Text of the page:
#SundaySummary – Stepping into Combat Commander: Pacific (@GMTGames), a throw back to the Falklands (admiraltytrilogy.com), red alert kudos for No Motherland Without (@compassgamesllc) and Terraforming Mars: Ares Expedition (@StrongholdGames) #wargame #boardgame

Wargames

I was able to pull off an excellent local trade to land a copy of Chad Jensen’s Combat Commander: Pacific from GMT Games this week. It only cost me my 1984 copy of Ranger from Omega Games. This is my first foray into the Combat Commander series of tactical infantry games from GMT. As there were several snow days in my local area I had the opportunity to do a sort of “deep dive” into the game and get multiple plays in. My major discovery is that Combat Commander: Pacific may be built on many “new-age” mechanics but it is thematically highly realistic. Those thoughts will be the subject of a later posting.

In 1982, the Falklands War occurred at an important time in my wargaming career. I was in high school so “aware” enough to follow the geopolitics and I had friends with common wargame interests for playing game like Harpoon II (Adventure Games, 1983). So it was very interesting this week to read The Falklands Wargame which is an unclassified, publicly released study prepared in 1986 for the Strategy, Concepts, and Plans Directorate of the US Army Concepts Analysis Agency. What really caught my attention is the study lead was none other than CAPT Wayne P. Hughes, USN (Ret.) who wrote the foundational naval text Fleet Tactics and was greatly admired by the designers of the Harpoon series of naval wargames available these days from Admiralty Trilogy Group. It’s a very interesting document which has made me think of many of my Falklands wargames, especially those using the Harpoon series of rules. So of course, more thoughts to follow!

Boardgames

Got No Motherland Without: North Korea in Crisis and Cold War (Compass Games, 2021) to the gaming table several times this week. I played the solitaire module provided in the rules. Mechanically it works fine, though the hard part for me is now trying to get those mechanics to do what I need them to do. Component wise, well, this title is a bit of a miss. The red game board is good looking but all the red counters and markers get lost on it making it very hard to see the game state. More detailed thoughts are coming in the future.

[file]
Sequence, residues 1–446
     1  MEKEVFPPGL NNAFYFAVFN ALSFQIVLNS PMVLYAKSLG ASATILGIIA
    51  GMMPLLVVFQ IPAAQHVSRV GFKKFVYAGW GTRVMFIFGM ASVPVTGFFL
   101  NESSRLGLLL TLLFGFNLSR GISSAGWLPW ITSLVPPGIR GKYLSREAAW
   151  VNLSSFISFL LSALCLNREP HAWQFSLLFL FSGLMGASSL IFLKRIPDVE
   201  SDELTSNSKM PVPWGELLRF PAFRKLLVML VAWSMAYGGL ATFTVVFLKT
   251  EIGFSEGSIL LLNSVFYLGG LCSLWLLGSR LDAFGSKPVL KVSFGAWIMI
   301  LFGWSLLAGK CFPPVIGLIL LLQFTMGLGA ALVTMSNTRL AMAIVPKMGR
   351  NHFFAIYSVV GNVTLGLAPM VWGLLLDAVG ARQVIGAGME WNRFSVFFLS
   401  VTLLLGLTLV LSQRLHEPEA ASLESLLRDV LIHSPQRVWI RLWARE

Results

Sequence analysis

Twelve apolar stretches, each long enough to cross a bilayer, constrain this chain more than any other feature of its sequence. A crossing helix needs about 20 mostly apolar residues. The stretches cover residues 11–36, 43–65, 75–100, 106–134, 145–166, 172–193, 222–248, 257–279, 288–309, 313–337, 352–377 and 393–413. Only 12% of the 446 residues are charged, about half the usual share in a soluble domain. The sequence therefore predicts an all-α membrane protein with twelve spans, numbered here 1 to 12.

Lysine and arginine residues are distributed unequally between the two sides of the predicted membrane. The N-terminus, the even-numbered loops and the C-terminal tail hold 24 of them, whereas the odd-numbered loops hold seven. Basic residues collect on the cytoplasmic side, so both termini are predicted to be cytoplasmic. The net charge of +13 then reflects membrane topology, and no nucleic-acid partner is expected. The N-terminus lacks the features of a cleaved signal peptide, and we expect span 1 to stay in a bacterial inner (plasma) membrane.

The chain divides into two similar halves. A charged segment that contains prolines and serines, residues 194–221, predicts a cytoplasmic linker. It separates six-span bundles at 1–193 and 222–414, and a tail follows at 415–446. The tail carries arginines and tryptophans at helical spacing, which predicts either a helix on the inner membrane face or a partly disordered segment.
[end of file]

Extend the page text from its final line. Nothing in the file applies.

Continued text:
<soapbox on> A shout out to Compass Games is also in order. There was a minor production issue with my copy of No Motherland Without but it was quickly resolved by Compass Games. Awesome customer service. And no, I didn’t mention it before because I was giving John and company a fair chance to resolve the issue which they did to my utmost satisfaction so I will commend, not condemn Compass publicly and share with you a positive story not an undeserved negative one. </soapbox off>

Kickstarter

After lamenting a few weeks back on my reluctance to back any Kickstarters I succumbed to the pressure – to back Terraforming Mars: Ares Expedition (Stronghold Games via Kickstarter). My hope is that this can be a Family Game Night title. Speaking of which, we have sadly fallen off the Weekly Game Night bandwagon. Time to get back up….

The Pratzen, Austerlitz 1805 by Peter Perla from Canvas Temple Publishing will fund later today. As this posts I have less than 20 hours to resist temptation. Yeah, Napoleonics is not my thing but I absolutely respect Dr. Perla, love CTP productions, & would need a bigger gaming table.

Books

With the arrival of new games and my “Falklands Excursion” this week the reading for My Kursk Kampaign was put on hold this week. As I resume my reading I am through the events of July 12, 1943 and the Battle of Prokharovka so now turn to the aftermath and follow-on actions – which means The Battle for Kursk: The Tigers are Burning, by Trevor Bender from RBM Studios should land on the gaming table again.